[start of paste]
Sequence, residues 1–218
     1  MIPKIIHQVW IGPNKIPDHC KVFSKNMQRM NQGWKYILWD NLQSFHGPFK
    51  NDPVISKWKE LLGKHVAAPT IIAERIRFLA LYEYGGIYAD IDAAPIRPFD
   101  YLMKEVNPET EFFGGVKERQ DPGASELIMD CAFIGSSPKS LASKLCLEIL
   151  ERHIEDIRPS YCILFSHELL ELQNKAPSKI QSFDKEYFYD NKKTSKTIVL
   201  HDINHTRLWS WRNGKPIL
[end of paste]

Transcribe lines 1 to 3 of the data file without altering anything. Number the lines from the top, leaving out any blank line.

Sequence, residues 1–218
     1  MIPKIIHQVW IGPNKIPDHC KVFSKNMQRM NQGWKYILWD NLQSFHGPFK
    51  NDPVISKWKE LLGKHVAAPT IIAERIRFLA LYEYGGIYAD IDAAPIRPFD